Improved modelling of solids friction factor for fluidized dense-phase pneumatic transport of fine powders using two layer flow theory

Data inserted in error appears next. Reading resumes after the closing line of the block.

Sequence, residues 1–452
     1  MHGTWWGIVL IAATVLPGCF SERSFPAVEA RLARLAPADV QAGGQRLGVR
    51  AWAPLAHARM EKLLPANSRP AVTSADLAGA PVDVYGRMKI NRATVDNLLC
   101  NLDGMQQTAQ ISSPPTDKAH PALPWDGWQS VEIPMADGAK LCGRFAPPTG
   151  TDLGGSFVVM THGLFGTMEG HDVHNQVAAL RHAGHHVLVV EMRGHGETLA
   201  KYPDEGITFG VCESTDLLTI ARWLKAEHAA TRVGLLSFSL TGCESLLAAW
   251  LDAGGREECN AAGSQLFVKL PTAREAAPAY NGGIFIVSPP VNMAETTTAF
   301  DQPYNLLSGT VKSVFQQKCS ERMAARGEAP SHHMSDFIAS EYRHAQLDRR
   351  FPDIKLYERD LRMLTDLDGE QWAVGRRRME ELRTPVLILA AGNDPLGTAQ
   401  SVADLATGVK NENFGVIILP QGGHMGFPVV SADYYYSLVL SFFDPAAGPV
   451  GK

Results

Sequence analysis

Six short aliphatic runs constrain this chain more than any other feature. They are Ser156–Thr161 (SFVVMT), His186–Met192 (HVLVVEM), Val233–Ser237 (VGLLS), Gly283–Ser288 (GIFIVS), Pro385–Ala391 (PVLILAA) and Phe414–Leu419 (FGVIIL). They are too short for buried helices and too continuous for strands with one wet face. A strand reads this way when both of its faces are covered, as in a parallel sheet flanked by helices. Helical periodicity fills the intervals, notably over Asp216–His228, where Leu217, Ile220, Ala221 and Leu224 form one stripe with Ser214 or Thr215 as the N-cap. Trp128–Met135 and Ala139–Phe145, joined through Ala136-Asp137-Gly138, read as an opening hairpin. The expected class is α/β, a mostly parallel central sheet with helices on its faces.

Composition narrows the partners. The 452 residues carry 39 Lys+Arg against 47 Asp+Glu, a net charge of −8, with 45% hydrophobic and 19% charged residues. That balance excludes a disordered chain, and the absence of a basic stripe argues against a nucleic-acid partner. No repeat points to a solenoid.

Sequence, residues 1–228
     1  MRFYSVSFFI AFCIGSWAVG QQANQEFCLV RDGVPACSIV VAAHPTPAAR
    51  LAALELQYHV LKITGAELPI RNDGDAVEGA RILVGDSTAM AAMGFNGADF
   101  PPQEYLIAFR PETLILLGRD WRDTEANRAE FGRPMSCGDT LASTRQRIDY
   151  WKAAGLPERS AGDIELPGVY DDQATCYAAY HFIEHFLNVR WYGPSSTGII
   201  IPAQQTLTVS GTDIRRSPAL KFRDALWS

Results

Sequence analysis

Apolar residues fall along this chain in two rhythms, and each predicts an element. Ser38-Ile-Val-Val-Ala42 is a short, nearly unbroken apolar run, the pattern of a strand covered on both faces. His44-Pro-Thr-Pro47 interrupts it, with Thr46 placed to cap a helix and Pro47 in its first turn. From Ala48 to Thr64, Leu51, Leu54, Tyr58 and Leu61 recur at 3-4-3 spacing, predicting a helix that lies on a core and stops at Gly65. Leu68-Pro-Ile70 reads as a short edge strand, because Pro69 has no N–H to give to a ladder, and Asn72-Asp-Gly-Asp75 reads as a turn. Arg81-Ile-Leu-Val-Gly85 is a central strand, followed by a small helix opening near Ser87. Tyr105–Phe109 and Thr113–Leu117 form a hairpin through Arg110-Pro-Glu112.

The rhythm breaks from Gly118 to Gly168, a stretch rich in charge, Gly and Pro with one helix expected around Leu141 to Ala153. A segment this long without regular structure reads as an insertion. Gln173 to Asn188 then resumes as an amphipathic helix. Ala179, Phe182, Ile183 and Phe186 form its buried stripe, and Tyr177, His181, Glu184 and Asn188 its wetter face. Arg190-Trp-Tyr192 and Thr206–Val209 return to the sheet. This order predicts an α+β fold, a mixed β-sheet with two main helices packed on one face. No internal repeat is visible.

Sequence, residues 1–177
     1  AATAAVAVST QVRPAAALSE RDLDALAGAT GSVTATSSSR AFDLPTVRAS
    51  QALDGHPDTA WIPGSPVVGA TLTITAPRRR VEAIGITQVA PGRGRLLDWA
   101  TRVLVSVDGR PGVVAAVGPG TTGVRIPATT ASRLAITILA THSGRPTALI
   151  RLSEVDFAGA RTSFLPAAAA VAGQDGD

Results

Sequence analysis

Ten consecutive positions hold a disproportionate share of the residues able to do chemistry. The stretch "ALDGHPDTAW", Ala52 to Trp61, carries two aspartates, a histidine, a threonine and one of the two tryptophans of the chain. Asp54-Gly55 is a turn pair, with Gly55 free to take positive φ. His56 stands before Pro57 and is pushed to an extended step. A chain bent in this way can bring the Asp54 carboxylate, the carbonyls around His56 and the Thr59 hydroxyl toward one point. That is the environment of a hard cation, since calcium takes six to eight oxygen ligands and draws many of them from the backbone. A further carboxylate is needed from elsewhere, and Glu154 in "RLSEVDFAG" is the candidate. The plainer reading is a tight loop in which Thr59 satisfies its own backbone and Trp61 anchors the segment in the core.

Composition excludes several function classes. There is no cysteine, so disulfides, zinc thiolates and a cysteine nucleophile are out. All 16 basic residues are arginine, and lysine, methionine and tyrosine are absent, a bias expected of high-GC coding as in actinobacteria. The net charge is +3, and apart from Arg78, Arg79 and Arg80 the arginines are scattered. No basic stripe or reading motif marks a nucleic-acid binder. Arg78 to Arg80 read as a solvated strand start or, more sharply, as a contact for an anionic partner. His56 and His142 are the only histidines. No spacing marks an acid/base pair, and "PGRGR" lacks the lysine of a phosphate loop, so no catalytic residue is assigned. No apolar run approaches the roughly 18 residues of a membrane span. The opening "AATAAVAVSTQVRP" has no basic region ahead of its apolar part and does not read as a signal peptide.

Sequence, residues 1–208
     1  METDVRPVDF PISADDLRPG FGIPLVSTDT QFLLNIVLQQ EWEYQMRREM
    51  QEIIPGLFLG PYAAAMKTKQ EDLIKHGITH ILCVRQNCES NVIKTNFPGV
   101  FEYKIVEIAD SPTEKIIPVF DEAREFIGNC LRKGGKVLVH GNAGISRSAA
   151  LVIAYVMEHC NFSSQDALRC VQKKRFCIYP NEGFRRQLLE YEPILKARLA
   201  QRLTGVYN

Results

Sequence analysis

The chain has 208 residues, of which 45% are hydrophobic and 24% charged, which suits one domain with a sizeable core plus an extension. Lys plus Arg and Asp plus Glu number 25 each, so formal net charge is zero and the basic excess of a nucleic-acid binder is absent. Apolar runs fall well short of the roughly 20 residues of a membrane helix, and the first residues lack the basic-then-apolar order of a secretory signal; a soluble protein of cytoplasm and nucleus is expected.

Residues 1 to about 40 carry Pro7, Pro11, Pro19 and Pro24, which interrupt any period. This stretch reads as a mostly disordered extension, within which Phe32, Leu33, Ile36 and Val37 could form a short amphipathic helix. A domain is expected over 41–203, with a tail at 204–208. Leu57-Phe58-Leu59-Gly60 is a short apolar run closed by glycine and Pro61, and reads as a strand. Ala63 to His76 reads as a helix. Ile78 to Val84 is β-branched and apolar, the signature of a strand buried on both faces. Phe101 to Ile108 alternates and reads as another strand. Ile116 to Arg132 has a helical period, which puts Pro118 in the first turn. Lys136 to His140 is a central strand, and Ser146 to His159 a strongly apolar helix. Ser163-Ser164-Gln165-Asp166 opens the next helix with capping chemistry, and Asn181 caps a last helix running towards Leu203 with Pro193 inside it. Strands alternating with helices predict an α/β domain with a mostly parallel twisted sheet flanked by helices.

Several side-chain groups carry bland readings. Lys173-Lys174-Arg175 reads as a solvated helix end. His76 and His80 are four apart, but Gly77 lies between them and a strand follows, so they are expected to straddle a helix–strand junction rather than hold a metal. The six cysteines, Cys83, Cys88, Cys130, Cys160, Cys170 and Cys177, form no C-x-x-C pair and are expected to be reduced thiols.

For the reliable design of fluidized dense-phase pneumatic conveying systems, it is essential to accurately model and scale-up important design parameters, such as the total pipeline pressure drop. The existing models for powder conveying in fluidized dense-phase mode are generally based on the data of limited number of products and pipelines and are found to be inaccurate under proper scale-up conditions. For the modeling of solid friction factor, a two-layer based model has been developed by separately considering the solids friction contributions of the non-suspension (dense) bed of powders flowing along the bottom of pipe and the suspension (dilute-phase flow) of particles occurring on top of the non-suspension layer. Volumetric loading ratio and dimensionless velocity have been used to model the non-suspension dune flow layer. Models developed using the straight-pipe conveying data of fly ash and ESP dust were validated for their scale-up accuracy by using them to predict the pressure drops in five larger and longer pipelines (69 mm I.D. x 168 m long; 105 mm I.D. x 168 m long; 69 mm I.D. x 554 m long pipes) and by comparing the experimental versus predicted pneumatic conveying characteristics. The two-layer model provided improved accuracy compared to existing models indicating that the model is able to better address the dense-to dilute-phase transition condition.
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